Zibby Owens: I’m really, really excited to be here today with Tui Sutherland who’s the author of the New York Times and USA Today best-selling Wings of Fire graphic novel and young adult series, The Menagerie trilogy, and the Pet Trouble series. She’s also a contributing author to the best-selling Spirit Animals and Seekers series. Combined, she’s written forty books for children and teens. Originally from Venezuela, Tui grew up in Paraguay, Miami, the Dominican Republic, and New Jersey. A graduate of Williams College, she currently lives in Massachusetts with her husband and two sons and two dogs.

Welcome to Tui.

Tui Sutherland: Thank you. Thank you so much. I’m so excited to be here.

Zibby: I have a guest interviewer with me today. My son Owen will be interviewing Tui with me. He is the one who is obsessed with your books and has been begging me to buy each graphic novel of the Wings of Fire series as it comes out, preordering everything, and was like, “Do you think you could talk to her?” This is my gift to Owen today, and everybody else listening.

Tui: That’s awesome.

Zibby: Before we even get into your Wings of Fire books, you were a two-day champion on Jeopardy! in 2009. Let’s talk about that because that is so cool. Tell us all about that. How did you get on Jeopardy!? What was it like being a two-day champion? That’s the coolest thing ever.

Tui: Oh, my god, it was so much fun. Actually, I just wanted to stay. After I lost the third game, I was like, you don’t have to give me any more money. Can I just stay here and keep playing? It was amazing. It was one of those things that I’d always wanted to do. My grandparents, whenever we visited them in New Hampshire, they watched Jeopardy! every single night. They had their little TV trays. They would watch Jeopardy! It was part of my childhood. I felt like it was this really important thing in life. I always wanted to go on it. Then I got married in 2007. We started talking about having kids. I was like, I have two things I want to do before I have kids. One is go to India. The other one is be on Jeopardy!

I looked into and how the whole process worked. It turned out that you could take a test online. That’s the first step in the process. A few times a year they have this online test you take. If you score well enough on the online test, they give you a call or an email. They invite you in to take one in person. They have talent scouts that go around. They had a session in Boston. You go in. You take another test along the same lines. It’s Jeopardy!-ish questions. Then they also have you get up and play a couple of pretend games just to basically make sure you can make sentences and remember to answer in the form of a question, that kind of thing. That was really fun. I didn’t know what would happen. I waited for a while. Then they call you and say, “You have three weeks. Can you be in California in a month?” Yes, so excited. I started studying.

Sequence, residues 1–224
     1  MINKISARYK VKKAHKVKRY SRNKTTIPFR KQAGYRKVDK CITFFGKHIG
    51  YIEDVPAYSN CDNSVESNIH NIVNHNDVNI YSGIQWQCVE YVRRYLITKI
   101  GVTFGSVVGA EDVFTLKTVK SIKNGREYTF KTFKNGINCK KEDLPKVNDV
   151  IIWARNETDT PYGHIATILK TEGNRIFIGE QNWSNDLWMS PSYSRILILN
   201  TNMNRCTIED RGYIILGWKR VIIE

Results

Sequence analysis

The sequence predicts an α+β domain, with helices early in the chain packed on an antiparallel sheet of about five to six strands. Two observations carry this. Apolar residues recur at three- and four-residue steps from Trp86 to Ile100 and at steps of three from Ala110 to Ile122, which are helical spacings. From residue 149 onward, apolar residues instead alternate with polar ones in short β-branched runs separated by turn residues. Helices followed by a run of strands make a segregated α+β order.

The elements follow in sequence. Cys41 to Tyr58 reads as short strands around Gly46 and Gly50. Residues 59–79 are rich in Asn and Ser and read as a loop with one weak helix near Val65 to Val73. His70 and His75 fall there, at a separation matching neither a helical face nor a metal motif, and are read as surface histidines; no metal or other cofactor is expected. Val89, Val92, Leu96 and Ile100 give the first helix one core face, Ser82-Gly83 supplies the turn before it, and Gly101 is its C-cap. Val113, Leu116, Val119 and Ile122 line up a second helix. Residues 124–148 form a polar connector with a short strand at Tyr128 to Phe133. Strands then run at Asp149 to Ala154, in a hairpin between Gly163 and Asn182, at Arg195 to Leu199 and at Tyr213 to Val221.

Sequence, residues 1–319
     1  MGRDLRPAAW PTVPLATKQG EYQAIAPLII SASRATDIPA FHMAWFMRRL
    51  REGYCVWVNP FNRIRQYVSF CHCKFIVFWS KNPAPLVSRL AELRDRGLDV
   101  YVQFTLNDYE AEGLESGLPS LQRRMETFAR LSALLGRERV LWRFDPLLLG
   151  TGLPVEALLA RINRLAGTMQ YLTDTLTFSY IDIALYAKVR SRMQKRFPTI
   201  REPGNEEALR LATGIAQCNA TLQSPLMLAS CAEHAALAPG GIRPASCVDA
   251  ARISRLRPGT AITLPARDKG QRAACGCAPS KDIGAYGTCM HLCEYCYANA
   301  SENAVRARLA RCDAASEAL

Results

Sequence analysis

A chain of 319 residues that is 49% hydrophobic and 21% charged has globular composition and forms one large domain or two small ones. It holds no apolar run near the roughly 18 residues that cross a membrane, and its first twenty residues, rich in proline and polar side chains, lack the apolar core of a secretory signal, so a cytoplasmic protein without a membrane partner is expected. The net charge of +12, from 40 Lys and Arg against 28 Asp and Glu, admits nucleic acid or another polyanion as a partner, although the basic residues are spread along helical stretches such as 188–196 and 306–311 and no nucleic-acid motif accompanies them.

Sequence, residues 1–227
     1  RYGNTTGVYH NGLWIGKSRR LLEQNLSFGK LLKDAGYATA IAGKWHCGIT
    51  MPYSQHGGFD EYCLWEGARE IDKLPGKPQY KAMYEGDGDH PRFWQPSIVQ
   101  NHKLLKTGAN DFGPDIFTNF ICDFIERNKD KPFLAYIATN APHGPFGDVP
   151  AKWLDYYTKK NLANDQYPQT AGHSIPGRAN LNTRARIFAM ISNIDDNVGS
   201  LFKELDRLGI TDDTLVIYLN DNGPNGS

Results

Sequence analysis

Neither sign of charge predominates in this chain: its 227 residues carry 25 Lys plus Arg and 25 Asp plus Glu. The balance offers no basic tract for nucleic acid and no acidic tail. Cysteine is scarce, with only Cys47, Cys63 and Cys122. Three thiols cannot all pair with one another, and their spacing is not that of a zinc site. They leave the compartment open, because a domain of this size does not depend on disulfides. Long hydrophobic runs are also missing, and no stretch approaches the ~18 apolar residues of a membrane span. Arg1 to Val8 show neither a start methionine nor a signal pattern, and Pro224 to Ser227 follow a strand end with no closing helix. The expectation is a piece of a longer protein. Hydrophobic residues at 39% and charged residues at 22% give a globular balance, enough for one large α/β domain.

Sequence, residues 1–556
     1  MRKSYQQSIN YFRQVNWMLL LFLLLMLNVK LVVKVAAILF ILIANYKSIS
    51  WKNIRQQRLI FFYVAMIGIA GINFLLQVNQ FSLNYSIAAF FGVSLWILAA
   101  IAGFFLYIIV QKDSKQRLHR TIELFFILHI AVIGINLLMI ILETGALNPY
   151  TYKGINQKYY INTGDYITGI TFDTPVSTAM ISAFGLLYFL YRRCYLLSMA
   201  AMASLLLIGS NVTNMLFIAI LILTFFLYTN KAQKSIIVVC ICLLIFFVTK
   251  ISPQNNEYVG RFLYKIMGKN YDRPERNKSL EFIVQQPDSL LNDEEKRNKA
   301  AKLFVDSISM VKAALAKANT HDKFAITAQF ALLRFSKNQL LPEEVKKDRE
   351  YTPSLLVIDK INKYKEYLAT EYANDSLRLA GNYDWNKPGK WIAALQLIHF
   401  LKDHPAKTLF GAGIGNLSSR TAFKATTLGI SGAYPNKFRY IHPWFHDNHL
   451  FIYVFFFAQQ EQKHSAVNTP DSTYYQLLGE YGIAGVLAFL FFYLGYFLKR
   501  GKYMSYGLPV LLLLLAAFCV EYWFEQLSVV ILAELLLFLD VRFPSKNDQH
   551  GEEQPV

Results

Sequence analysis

Zibby: Wait, how do you study for Jeopardy!?

Tui: You have to have faith that you know what you know. There were certain things I knew that I could learn in that time, like all the capitols of the world. The presidents in order was actually really helpful. A lot of times, the question would be something like, “This sixteenth president…” You don’t even need to hear the rest of the question if you can remember that that’s Abraham Lincoln. I can’t do it all now. For a while, I could name all the presidents in order and vaguely what time period they were. It was like, “In 1848, this president…” Then you’d be like, okay, that guy. That was helpful. I watched some documentaries on rock music because I have this giant hole in my knowledge before 1980 for music. That was helpful. There was one final-Jeopardy question that was about The Beatles. I had actually just been watching a document that morning in the hotel room. I wouldn’t have gotten it right otherwise.

Zibby: Oh, my gosh. Was it as exciting as you had hoped it would be to be on the show?

Tui: Yeah, it totally was. Everyone there is so nice. All the people backstage are wonderful, having a lovely time, and super welcoming. They make it really fun for you to be there.

Zibby: I won a random ticket when I was in college to go watch Jeopardy! being filmed. That was one of the most exciting moments of college for me. No, that’s not true. It was a really cool moment. I thought that was really neat. Obviously, you’re a genius. That’s amazing. We can move on from there now that we’ve established that.

Tui: No, I’ve got to clarify that that was before I had kids when my brain still worked. Not as much anymore.

Zibby: Seriously. The fact that Abraham Lincoln was the sixteenth president is pretty much the only piece of trivia I have retained since I’ve had kids.

Tui: I get that one reinforced because my son has the same birthday as Abraham Lincoln. He’s the one we talk about a lot.